Combined Joint Task Force 1
Story by Sgt. Kimberly Browne
BAGRAM AIR FIELD, Afghanistan – Eighty nine years after the formal activation of the 1st Cavalry Division, America’s First Team chalked up another first.
June 14 marked the United States Army’s 236th birthday and also set the 30 day mark for the first heavy armored division in Afghanistan.
Throughout the Army, soldiers wear a unit designator known as a patch on their left sleeve. Those that have spent time on a combat deployment will don that patch on their right sleeve. However, this ceremony was not only for division troopers; the CAV also inducted sister service members along with French, Polish and Canadian partners as 1st Cavalry Division combat veterans.
“For some of us this is the first opportunity to emblazon our right shoulder with a combat patch,” said U.S. Army Maj. Gen. Dan Allyn, commander of Regional Command-East. “For others, the 1st Cavalry Division patch will respectfully replace a patch earned on another battlefield amongst friends and comrades from another time.”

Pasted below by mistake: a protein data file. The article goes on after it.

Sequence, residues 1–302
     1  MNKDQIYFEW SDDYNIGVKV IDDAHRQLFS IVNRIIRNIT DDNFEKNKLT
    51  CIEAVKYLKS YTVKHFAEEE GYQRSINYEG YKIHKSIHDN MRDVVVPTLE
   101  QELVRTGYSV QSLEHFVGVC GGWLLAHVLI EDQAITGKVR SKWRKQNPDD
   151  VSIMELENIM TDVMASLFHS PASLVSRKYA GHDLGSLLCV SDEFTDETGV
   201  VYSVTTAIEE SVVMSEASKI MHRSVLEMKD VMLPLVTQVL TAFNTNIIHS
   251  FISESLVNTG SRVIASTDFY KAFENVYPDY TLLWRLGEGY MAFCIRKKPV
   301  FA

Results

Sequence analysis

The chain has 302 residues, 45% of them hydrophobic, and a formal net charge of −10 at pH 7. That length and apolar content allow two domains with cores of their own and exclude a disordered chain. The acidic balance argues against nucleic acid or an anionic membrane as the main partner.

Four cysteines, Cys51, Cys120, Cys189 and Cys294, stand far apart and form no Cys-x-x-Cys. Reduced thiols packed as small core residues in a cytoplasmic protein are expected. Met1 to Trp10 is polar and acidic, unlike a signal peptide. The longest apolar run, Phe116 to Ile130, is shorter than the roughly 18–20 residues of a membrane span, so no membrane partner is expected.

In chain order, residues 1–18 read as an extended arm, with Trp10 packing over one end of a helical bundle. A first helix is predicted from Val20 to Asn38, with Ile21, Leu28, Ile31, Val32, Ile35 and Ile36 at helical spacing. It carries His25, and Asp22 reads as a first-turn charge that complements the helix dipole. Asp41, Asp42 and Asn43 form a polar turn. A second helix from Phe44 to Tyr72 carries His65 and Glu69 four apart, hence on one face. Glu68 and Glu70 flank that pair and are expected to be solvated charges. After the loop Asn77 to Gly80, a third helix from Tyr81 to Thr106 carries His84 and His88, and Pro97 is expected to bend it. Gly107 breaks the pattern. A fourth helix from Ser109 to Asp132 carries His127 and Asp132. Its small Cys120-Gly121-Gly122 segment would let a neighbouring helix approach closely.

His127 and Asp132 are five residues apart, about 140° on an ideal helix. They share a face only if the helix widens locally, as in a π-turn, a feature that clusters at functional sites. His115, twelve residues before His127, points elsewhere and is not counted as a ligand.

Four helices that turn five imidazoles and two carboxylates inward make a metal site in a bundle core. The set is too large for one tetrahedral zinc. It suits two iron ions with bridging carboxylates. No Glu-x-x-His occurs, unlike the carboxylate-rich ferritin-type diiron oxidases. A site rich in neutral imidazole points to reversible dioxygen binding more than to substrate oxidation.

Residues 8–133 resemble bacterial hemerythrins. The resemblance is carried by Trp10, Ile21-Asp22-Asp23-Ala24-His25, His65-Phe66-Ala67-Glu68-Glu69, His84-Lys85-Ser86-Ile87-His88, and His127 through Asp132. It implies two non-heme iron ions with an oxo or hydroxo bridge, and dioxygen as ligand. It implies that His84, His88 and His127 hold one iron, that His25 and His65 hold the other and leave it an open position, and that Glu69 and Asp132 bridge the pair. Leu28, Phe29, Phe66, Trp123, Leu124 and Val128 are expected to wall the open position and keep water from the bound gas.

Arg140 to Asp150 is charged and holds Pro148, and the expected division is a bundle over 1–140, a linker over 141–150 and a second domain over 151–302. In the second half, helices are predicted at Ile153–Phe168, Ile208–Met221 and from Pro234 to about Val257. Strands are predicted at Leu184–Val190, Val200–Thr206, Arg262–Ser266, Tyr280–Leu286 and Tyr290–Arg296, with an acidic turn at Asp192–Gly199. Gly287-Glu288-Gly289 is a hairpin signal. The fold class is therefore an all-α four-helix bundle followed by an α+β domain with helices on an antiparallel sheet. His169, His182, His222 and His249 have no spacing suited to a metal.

Over 300 service members stood at attention for the biggest patch in the Army on their right shoulder.
“From Luzon to Pusan to Khe Sanh to Baghdad and now Bagram… Every soldier standing in formation today is now a part of that storied history,” said U.S. Army Lt. Col. Jeremy Siegrist, commander of Headquarters and Headquarters Battalion, 1st Cav. Div.
Col. and Mrs. Dorcy, then with the 7th Cavalry Regiment at Fort Bliss, Texas, designed the patch in 1921. Seeing a trooper riding his mount at sunset gave the patch its bright yellow color and the thoroughbred the trooper was riding gave the patch its blue-black outside color. The blue was later replaced by black to symbolize iron and armor. The black stripe, termed a "Sable Bend," represents a "baldric" (a standard Army issue belt worn over the right shoulder to the opposite hip - sometimes referred to as a "Sam Browne belt") which retains either a casing which sheaths the trooper's saber or revolver holster.
“Today is the first time the Baldric, Shield and Horse’s head will be awarded for combat service in Afghanistan,” Allyn said. “Wear it with pride, Cavalry troopers!”
With their new CAV combat patch firmly in place, service members within ears reach were talked about the pride in donning the 1st Cavalry Division’s patch as a combat patch.
“It was a great honor to be a part of this ceremony,” said U.S. Army Command Sgt. Maj. Charlie David. “To be commander of troops and lead a unique formation of soldiers, airmen, sailors and Marines was an honor.”